Public figures face factual hurdles in asserting defamation claims. They must prove that the defendant knew that it was making false statements or acted with reckless disregard to their truth or falsity (a.k.a. the “actual malice” standard). According to the suit, however, “Ms. Barrett is not a public official. She is not a politician. She is not a public figure under any remotely reasonable definition of the phrase. She is just a private individual, no more and no less.”

True: Ruth S. Barrett may be a “private individual”; but Ruth Shalit Barrett, with her Wikipedia page and high-profile past, may have a tougher time laying claim to the commoner’s legal threshold. Plus: The law recognizes another category of libel plaintiff, the “limited purpose” public figure, who also must prove actual malice. That designation applies to someone who “voluntarily injects himself or is drawn into a particular public controversy and thereby becomes a public figure for a limited range of issues,” the Supreme Court has held. For any debate about journalistic standards, Barrett is the platonic ideal of a limited-purpose public figure.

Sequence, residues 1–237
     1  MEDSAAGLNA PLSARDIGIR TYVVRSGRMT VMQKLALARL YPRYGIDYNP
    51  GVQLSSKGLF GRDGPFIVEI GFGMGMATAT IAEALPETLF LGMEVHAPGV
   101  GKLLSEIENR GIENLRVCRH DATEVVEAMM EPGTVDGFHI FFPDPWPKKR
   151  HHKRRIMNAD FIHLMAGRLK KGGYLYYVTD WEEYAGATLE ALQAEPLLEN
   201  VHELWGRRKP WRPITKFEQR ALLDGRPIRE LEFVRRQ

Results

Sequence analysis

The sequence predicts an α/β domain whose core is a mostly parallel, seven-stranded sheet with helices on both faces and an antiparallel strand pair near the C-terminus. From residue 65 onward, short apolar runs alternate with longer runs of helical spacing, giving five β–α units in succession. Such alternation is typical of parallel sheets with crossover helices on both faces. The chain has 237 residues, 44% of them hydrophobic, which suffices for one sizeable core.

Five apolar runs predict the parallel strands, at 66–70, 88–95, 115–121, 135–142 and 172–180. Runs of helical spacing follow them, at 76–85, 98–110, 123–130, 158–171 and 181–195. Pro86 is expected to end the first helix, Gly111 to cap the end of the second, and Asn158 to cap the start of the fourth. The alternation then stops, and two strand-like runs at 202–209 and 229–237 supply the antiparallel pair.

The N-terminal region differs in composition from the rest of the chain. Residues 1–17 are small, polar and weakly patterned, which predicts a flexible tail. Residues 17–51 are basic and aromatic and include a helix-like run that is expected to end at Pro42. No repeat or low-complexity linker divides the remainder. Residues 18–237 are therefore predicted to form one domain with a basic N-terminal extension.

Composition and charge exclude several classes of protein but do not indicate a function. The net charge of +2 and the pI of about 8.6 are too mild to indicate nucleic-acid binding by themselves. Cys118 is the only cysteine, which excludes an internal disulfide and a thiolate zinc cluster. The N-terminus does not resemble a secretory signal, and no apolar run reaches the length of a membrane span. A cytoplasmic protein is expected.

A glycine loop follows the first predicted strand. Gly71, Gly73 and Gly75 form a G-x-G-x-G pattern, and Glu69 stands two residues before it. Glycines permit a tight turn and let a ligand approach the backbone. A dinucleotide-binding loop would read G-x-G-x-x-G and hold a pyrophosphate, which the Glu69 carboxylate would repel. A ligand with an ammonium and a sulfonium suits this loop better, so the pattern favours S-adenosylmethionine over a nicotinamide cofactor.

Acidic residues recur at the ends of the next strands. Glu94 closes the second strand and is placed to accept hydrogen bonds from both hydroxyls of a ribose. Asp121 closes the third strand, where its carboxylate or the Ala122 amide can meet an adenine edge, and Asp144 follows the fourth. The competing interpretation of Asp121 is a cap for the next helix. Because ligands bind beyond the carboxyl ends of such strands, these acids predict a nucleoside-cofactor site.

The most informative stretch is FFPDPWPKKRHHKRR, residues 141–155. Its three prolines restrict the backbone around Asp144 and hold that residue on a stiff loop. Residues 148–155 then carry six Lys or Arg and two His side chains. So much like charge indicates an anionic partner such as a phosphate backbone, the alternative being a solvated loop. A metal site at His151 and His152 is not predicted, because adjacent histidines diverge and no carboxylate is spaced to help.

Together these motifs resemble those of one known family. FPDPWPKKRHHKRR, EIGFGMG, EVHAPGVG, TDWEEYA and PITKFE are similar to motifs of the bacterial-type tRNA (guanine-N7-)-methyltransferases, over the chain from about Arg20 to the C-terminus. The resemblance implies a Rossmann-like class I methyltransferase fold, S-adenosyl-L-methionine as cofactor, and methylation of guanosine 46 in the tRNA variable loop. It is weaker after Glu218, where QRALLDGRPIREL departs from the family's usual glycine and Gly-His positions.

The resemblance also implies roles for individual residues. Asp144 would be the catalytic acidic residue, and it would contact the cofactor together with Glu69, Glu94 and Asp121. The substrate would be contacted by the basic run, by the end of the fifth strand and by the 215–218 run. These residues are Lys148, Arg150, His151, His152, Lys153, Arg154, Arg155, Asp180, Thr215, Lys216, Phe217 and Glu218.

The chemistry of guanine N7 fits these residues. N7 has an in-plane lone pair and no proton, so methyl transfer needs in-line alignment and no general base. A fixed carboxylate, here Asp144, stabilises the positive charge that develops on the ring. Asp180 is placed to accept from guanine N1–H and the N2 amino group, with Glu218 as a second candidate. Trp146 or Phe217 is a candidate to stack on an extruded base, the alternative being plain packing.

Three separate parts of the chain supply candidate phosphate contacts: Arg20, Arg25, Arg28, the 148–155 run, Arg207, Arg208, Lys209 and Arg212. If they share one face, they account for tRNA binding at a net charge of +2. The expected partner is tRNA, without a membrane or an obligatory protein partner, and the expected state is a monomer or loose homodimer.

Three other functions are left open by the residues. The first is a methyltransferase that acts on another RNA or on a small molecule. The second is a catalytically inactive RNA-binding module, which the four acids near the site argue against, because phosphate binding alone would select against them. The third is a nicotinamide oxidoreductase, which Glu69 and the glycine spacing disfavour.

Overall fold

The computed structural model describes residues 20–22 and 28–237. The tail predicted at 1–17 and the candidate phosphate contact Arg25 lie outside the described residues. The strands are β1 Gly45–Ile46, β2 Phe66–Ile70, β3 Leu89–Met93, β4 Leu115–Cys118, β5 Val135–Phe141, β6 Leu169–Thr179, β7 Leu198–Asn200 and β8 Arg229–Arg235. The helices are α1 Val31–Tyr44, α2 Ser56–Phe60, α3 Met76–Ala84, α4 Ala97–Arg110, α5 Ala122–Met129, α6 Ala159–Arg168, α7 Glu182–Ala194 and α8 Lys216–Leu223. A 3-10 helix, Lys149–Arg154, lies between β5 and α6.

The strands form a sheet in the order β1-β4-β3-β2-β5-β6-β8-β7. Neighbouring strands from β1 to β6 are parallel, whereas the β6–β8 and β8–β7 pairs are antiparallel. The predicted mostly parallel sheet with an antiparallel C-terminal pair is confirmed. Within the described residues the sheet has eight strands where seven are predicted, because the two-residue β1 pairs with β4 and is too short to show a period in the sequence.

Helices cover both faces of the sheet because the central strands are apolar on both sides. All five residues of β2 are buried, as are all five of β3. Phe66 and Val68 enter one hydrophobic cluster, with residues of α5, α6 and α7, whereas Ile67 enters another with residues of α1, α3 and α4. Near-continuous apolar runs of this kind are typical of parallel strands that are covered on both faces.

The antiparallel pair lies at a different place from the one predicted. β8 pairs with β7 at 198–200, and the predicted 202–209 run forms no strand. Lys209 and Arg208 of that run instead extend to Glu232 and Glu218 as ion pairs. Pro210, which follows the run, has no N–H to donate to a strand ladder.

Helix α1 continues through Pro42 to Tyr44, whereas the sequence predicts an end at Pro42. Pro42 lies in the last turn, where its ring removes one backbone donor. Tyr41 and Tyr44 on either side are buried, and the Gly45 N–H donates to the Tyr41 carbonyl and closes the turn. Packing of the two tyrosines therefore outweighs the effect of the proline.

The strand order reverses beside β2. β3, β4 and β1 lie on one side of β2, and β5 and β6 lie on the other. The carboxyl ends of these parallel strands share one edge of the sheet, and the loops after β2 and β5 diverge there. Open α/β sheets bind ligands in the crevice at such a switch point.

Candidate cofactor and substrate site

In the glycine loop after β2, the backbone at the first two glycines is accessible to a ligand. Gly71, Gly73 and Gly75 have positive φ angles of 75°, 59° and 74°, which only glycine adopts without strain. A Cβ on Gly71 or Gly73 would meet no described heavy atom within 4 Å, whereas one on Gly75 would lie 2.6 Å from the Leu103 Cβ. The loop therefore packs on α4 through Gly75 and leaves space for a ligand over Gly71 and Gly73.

To move away from the legal weeds, the lawsuit bashes the Erik Wemple Blog on many occasions. We’re portrayed as a “bully” who browbeats the Atlantic, as being a “powerful, vindictive media critic with a megaphone and a mean streak” and as a purveyor of “mudslinging and vilification” — all glorious examples of constitutionally protected hyperbole.

The complaint’s claim that Barrett had a decades-long “antagonistic relationship with Mr. Wemple” treads on more empirical turf. For the life of the Erik Wemple Blog, we can’t recall having any interactions with her prior to 2020. Memories are faulty, and Barrett’s controversial career in Washington journalism dates back decades, so we could be forgetting something.

We’ve asked her and Rothenberg for any details on our contentious past.